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Charles William Johnson's Biography (Books)

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Charles Willison Johnson (26 October 1863 - 19 July 1932) was an American naturalist who specialized in entomology (especially Diptera) and malacology, making significant contributions in both fields.

He was a mentor and inspiration to many students and young scientists such as William J. Clench (who founded a publication named Johnsonia in his honor).

Johnson was Curator of the Wagner Free Institute of Science, 1888-1903, then was Principal Curator at the Boston Society of Natural History, 1903-1932.

He assisted Henry Augustus Pilsbry with The Nautilus, an important American malacological publication. (Although both were credited on the title page as "Editors and Publishers", Johnson was the business manager and Pilsbry was the editor, with Johnson acting as editor when Pilsbry was on extended field expeditions.)


Charles Johnson was born to Albert Fletcher Johnson and Sarah Willison Johnson in Morris Plains, New Jersey. He attended public and private schools at Morristown, New Jersey. At age 17 he moved to St. Augustine, Florida, and threw himself into an intensive and energetic study of the area's fauna. His activity caught the eye of Joseph Willcox, a trustee of the Wagner Free Institute of Philadelphia, who was in Florida on a field trip. Willcox invited Johnson to become the Wagner's curator, so in 1888 Johnson moved to Philadelphia, Pennsylvania and took up that post. During his fourteen-year tenure, he greatly improved and modernized the Institute's collections. He also was asked to curate two special collections of the Academy of Natural Sciences in Philadelphia.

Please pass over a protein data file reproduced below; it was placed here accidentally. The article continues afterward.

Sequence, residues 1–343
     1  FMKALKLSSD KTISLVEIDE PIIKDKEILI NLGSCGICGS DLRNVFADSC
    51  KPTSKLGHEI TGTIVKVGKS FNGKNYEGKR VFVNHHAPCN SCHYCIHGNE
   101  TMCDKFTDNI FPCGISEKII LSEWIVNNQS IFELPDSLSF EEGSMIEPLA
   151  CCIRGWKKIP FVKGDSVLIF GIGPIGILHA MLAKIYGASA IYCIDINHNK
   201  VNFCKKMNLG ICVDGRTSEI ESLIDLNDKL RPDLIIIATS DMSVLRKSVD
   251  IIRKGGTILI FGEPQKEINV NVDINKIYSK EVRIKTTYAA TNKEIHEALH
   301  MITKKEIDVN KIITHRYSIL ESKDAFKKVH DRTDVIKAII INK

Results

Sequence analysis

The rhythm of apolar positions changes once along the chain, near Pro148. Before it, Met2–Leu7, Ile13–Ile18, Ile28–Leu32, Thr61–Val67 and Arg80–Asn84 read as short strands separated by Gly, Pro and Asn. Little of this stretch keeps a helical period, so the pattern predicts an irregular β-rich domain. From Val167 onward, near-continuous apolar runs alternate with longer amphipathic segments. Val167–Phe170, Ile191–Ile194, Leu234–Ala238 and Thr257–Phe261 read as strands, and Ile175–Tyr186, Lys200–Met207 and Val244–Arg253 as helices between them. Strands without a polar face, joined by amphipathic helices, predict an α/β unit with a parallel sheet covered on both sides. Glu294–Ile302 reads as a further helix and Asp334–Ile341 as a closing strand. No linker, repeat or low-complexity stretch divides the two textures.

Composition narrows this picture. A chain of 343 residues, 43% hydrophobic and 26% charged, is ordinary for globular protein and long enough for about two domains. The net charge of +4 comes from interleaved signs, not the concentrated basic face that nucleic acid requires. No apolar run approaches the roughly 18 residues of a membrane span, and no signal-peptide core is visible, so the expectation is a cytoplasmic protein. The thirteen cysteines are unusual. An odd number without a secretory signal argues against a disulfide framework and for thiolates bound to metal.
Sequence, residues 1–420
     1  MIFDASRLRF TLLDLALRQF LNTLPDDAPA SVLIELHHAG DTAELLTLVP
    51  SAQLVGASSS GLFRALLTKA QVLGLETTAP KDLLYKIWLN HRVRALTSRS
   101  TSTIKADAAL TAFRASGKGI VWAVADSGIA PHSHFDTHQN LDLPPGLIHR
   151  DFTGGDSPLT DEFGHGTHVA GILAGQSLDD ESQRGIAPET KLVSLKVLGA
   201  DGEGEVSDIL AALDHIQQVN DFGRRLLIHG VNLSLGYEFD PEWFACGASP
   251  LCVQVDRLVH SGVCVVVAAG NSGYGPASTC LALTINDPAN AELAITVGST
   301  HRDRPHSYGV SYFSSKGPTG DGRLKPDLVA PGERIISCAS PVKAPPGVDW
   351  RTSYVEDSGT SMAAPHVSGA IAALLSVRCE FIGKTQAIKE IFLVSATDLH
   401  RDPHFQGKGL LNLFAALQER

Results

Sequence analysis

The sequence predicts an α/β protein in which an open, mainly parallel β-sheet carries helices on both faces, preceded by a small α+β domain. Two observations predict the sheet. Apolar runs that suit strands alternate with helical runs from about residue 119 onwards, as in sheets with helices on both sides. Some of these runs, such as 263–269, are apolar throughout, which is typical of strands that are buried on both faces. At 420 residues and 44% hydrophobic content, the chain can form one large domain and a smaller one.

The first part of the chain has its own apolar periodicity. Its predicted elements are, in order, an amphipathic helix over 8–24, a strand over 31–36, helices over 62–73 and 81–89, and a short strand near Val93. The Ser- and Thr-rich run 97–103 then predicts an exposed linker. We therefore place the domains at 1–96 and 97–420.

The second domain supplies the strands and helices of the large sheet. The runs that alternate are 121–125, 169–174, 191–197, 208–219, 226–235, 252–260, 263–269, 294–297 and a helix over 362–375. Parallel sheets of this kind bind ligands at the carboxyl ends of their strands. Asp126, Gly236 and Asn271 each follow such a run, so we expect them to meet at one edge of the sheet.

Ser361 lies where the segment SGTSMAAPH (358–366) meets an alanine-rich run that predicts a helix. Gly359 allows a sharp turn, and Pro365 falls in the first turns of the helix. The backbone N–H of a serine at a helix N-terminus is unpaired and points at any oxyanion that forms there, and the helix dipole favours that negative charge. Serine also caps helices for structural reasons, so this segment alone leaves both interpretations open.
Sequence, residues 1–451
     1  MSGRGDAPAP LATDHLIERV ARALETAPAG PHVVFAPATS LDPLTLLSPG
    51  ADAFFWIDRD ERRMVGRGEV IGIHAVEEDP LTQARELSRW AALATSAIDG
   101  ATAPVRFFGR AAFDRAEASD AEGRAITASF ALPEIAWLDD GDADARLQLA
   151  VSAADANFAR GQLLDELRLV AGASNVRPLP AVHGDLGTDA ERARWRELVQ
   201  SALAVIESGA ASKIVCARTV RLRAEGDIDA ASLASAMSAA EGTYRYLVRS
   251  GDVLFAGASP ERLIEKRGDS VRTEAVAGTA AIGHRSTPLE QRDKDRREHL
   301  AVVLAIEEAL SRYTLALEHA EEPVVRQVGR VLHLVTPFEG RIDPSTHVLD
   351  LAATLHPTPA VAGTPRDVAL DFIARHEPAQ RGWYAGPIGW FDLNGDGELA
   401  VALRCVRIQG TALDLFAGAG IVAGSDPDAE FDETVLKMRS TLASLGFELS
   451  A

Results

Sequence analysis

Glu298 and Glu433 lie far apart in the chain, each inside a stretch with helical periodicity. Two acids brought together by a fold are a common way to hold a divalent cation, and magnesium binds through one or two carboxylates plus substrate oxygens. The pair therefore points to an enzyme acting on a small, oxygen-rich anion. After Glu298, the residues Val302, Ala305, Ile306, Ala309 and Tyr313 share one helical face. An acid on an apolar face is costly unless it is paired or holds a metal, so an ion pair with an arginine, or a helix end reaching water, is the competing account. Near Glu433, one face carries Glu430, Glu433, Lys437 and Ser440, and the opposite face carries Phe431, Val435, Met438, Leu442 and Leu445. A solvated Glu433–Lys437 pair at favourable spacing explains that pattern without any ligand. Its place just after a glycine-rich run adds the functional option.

In 1903 he accepted the post of chief curator at the Boston Society of Natural History at the passing of the previous curator (Professor Alpheus Hyatt). He remained at that position until his death at age 68, in Brookline, Massachusetts.

On 14 January 1897 he married Carrie W. Ford in Philadelphia. Her father was a prominent Philadelphia personality, known for his extensive collection of shells. They had no children; she died 16 July 1931 at Brookline.

His co-workers estimated that during his lifetime, Johnson had published at least 130 articles on the topic of entomology, and at least 100 articles on molluscan subjects.

Source: wiki

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